Do the rich go in search of really high tuition fees?
Here’s an interesting analysis. Professor John Holmwood of the University of Nottingham has suggested that the top-of-the-range fees charged by the universities of Edinburgh and St Andrews will act as a magnet for very rich students, enticing them away from the likes of Oxford and Cambridge as these charge £9,000 less over the full degree cycle. As a result, the two Scottish universities will be swamped by super-duper-rich English students, who will crowd out the Scots (who don’t pay fees) and hugely upset the local population with their plummy accents (well, he didn’t say that last bit, but you get the idea). There is no sign in the report that Professor Holmwood is using any empirical evidence to support his contention.
To avoid any doubt, let me say that I am not suggesting that high tuition fees are desirable, but I am strongly sceptical of the idea that high fees are seen by anyone as a reliable quality statement. Overall in Britain some universities appear to have been attracted to the notion that unless you charge high fees people will assume you’re not much good. In this frame of mind, universities would set fees not in order to cover their costs and provide room for investment, but in order to place a designer label on their degree programmes. So if you follow that logic, a university which is, say, around number 90 in the league tables can at one stroke remove the difference with a university at, say, number 5 by ensuring that it charges the same fees or a little more. The subtext of all of this is presumably that the rich are thick.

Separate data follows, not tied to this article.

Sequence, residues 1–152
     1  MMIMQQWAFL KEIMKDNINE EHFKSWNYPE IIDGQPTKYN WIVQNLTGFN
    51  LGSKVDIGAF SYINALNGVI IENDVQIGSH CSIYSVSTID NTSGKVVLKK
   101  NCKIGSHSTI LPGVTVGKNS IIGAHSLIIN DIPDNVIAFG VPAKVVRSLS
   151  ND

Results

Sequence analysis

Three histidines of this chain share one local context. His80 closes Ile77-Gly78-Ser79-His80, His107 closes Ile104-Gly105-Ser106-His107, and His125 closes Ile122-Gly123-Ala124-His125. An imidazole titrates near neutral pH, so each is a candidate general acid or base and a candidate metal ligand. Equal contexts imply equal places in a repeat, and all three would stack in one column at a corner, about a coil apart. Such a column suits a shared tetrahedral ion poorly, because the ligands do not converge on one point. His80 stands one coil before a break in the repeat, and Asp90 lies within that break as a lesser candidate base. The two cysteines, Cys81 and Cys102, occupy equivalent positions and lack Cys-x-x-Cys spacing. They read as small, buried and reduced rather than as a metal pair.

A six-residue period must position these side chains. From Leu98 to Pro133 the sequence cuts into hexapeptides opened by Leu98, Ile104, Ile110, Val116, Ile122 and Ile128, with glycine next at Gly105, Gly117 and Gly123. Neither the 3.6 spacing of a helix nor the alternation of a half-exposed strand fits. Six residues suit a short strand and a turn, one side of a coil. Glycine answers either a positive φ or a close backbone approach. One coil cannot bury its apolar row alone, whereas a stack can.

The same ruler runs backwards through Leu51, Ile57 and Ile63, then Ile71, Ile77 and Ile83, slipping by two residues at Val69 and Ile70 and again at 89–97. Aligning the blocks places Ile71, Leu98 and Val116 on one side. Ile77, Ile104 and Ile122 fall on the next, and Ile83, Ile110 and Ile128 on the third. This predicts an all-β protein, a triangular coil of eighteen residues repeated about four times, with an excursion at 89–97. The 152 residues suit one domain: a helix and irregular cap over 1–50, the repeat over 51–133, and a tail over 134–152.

There is an urgent need for a proper analysis of the case for and the impact of tuition fees, and of pricing methods in higher education – assuming that (as in England) higher education is not entirely funded by public money. But the idea that price of itself is a guide to quality needs to be nailed, not least because it is an exceptionally stupid idea. It does not become more intelligent if it is used by those arguing against tuition fees, as is apparently being done by Professor Holmwood.